The purpose of the computer class was to introduce students to
the idea of Monte Carlo simulations and to give them a chance to do
some nontrivial projects. The previous computer experience of the
students varied widely, some having significant programming back-
grounds and some having never computed. We first used Maple and
then C as the languages for simulations. While these sections are
labeled as "lectures" they actually represent a summary of many lec-
tures, and the topics were not really presented in the order that they
appear here. Lecture 11 discusses simulations for random walks and
includes some basic material on curve fitting to estimate exponents.
It ends with a discussion of the most serious project done in this
area, the estimate of the intersection exponent. Lecture 12 discusses
simulation topics other than random walk that were discussed in the
class, including sampling from continuous distributions, random per-
mutations, and finally a more difficult project using Markov Chain
Monte Carlo as discussed in Lecture 8 to estimate the number of ma-
trices with certain conditions. The last lecture discusses a different
area, simulations of stochastic differential equations for applications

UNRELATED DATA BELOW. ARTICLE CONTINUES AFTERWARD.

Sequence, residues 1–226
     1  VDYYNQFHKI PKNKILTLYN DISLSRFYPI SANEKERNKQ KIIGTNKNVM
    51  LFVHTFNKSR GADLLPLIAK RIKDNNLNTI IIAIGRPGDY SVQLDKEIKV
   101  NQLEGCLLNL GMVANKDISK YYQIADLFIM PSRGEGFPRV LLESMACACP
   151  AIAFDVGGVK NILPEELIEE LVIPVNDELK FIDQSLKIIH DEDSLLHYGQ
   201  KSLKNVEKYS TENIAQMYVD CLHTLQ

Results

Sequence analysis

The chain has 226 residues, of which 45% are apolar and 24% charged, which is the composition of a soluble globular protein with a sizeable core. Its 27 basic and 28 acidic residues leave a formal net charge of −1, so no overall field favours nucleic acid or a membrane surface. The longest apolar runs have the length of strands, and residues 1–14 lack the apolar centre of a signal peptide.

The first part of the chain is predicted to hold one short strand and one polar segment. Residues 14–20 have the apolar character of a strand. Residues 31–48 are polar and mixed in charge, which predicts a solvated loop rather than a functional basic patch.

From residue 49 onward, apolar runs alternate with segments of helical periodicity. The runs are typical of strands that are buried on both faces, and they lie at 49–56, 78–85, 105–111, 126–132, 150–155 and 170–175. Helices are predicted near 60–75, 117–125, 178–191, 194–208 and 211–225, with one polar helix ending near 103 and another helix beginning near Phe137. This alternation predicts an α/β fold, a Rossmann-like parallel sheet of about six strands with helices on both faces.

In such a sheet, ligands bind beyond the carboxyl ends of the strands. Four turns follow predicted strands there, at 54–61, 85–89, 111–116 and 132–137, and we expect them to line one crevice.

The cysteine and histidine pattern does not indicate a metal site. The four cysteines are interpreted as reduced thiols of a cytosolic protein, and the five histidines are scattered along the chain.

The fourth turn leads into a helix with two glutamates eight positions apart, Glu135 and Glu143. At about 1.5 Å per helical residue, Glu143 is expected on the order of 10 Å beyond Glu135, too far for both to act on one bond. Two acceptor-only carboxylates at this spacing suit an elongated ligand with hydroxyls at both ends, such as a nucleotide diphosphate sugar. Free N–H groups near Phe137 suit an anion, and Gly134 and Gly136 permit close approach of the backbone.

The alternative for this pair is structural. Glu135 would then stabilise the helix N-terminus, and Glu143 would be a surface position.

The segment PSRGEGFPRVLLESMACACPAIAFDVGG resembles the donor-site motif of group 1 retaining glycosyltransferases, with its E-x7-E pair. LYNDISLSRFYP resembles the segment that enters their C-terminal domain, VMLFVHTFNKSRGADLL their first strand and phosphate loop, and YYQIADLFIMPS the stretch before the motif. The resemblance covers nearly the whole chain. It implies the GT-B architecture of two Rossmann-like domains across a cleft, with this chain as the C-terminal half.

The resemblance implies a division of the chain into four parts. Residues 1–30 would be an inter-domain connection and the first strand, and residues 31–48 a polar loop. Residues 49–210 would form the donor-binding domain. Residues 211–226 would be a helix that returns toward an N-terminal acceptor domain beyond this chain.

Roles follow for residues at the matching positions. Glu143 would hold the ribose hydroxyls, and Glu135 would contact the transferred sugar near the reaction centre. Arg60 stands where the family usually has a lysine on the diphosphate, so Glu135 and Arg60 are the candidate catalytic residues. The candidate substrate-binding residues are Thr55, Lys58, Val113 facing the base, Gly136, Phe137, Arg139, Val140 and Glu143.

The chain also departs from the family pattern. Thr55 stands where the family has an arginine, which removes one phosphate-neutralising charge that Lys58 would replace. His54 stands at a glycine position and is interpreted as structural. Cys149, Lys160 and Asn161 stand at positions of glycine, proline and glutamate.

in finance.
We conclude the book with a number of problems that were pre-
sented to the students. The difficulty of these problems varies greatly;
some are routine, but many were given more to stimulate thought
than with the expectation that the students would completely solve
them. They are numbered to indicate which lecture they refer to. Of
particular note are the problems from Lectures 11 and 12. These are
representative of the simpler projects that we gave to the students as
they were learning how to do simulations, and are typical of simula-
tion problems that we give to students when we teach undergraduate
We would like to thank a number of people who helped with the
program for undergraduates, including: Emily Puckette, the third
member of our team; Chad Fargason, who helped write some of the
software used in the labs; David Levin, who helped in the preparation
of these notes; Brad Mann and Robin Pemantle, for providing copies
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